Playhouse , Edinburgh
Sat 12th March 2016
This is opera that I haven’t experienced before. But then I hadn’t encountered Ellen Kent who juggles 6 Nation-wide operas at once. Opera and circus acts would not seem like a happy combination but this artistic and most definitely boundary challenging theatre does a have a place out-with Vegas for entertaining a broader audience.Think you’re not an opera fan? So did I.
The first act of Carmen is a myriad of vibrant contrasting colour as we are introduced to the cast and in particular Don Jose, the Spanish corporal (Vitalii Liskovetskyi ) Micaela, the peasant girl from his home town, ( Maria Tonina) and Carmen or Carmencita to her friends, the gypsy amoral temptress (Liza Kadelnik) – full of lust & desire that sets Don Jose’s pulse racing from the moment he sets eyes on her exiting the cigarette factory where she works.
Setting the scene outside the cigarette factory, Director Ellen Kent uses a rescue donkey plodding by – not what you would expect to see in central Edinburgh on a Saturday night but boy were the audience thrilled. Kent’s mother ran an animal rescue centre in Southern Spain in the swinging sixties. So, it seems, a non conventional upbringing has its rewards and according to well known artist and poster man for this production Ralph Steadman, Ellen is, ‘Operatic Impresario- Scene shifter Extraordinaire….Behind the scenes Ellen Kent strives to make her Productions acceptable and attractive to ALL in Society.’
Bizet’s last and arguably best work never gave him the fame and fortune he had strived for : within three months of its Paris premier Bizet died aged only 36. The addictive arias coupled with Kent’s 24 years of experience which keeps pushing her sense of theatrical spectacle to beyond its limits with her sheer joy of opulence and her skill at surprising the audience when they least expect it makes for great value entertainment. If I were to liken her to a film director I would chose Sally Potter of Orlando fame, not just for her use of the most sumptuous cloth of which there are clear links but because of what she brings to the table in terms of women’s power, sexuality and independence.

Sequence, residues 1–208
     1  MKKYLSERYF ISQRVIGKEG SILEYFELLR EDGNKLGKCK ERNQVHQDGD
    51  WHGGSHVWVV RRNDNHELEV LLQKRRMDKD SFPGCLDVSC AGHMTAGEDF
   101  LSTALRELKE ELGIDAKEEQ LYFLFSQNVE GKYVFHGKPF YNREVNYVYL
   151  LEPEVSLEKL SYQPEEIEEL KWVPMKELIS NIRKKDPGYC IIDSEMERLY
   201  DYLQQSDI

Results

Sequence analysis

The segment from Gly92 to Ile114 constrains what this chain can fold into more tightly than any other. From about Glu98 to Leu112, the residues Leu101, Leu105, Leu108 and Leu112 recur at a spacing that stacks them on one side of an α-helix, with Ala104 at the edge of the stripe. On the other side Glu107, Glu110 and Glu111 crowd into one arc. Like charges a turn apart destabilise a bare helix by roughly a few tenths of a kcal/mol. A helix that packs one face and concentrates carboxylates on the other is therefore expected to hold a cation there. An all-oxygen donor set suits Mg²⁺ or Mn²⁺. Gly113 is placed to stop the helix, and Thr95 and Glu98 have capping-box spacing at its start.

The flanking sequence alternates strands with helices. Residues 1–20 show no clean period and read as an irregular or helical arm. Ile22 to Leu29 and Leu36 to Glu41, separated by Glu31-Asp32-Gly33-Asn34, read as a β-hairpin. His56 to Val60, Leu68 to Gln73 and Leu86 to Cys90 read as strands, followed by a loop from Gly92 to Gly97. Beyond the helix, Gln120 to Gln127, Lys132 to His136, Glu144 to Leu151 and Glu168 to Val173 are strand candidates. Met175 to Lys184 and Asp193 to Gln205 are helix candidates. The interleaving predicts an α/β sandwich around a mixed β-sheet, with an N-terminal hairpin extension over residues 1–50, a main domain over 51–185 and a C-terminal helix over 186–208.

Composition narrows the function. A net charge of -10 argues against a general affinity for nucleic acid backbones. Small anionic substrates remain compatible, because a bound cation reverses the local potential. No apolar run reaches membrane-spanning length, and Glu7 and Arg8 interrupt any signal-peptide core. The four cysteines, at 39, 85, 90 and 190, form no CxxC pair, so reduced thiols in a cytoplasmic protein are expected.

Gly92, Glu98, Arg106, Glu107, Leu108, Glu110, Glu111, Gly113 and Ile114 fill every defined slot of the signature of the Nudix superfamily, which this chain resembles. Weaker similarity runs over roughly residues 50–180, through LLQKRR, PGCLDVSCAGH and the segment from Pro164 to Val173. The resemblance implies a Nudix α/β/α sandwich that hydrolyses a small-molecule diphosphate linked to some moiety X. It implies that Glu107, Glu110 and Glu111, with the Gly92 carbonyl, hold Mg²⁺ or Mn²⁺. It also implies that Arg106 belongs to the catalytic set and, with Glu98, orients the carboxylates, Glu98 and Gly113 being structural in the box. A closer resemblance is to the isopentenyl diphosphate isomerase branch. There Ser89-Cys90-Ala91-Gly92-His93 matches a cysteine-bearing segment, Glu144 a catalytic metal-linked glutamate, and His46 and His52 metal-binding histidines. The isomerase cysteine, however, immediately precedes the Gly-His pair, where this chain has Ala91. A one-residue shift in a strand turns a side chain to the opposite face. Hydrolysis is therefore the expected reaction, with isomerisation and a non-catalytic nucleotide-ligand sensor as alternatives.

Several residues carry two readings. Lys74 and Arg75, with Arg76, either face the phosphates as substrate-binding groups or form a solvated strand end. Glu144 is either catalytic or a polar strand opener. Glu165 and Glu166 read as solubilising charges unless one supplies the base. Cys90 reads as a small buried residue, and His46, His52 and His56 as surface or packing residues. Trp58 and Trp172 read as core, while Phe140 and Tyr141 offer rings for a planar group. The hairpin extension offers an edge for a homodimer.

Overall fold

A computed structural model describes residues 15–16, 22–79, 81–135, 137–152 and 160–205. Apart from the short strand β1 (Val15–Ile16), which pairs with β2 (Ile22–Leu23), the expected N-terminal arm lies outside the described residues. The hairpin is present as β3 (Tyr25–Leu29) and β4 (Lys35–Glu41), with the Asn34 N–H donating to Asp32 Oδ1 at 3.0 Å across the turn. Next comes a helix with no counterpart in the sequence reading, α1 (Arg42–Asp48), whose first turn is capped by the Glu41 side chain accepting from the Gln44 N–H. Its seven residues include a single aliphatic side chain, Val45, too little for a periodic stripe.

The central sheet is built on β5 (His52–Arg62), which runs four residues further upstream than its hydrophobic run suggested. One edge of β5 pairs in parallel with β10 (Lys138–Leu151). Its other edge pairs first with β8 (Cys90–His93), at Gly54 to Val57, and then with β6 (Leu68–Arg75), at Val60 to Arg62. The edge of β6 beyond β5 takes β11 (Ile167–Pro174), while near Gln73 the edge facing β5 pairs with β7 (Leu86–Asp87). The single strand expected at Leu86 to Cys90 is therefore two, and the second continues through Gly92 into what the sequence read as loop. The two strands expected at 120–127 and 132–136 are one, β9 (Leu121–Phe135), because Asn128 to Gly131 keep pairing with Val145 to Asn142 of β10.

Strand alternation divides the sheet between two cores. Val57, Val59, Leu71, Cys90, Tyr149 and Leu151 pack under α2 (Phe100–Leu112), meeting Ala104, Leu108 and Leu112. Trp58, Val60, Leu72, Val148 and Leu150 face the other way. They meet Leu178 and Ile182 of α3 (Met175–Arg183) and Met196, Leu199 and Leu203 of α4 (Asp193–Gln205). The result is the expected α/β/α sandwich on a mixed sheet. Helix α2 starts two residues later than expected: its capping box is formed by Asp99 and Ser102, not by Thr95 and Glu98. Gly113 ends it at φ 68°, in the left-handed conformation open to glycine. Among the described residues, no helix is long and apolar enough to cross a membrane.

Of course Carmen is well known for her alluring resourcefulness through Prosper Merimee’s scandalous novel of 1845 where little was left to the imagination, but it is the the little touches that are added to modernise this old tale and really engage the audience gaining their empathy that makes Kent’s production so unique and exciting. Carmen’s character has a fluidity and believability that was less evident in Don Jose. His wonderful voice was undermined by stilted, almost robotic movements that were more mechanical than human.
Act 2 takes us to Lilias Pastia’s where you will delight in the busy bar, the costumes and the daft drunken behaviours all explained in English subtitles above which really help to make it inclusive to all. The final acts are where the action gets heated and I was transfixed by the bullfighter’s Escamillo ((Luri Gisca) – who was by far my favorite character – his incredibly powerful Baritone plees for Carmen’s affections had me rooting for him.
The inevitable tragedy that concludes this, the most entertaining of Carmen’s that I have witnessed, is not trivialised ( only Kent can do this) by the final crowd-thrilling prance with Caspian, the persil-white wonder horse from movies Robin Hood and Warhorse and his more than capable rider. If you want a night of passion, beautiful costume-changes, dramatic sets, bare-footed femme fatales, superb heart-wrenching as well as uplifting arias, all alongside some of the most passionate conducting – then this is the one to see.
Reviewer : Clare Crines
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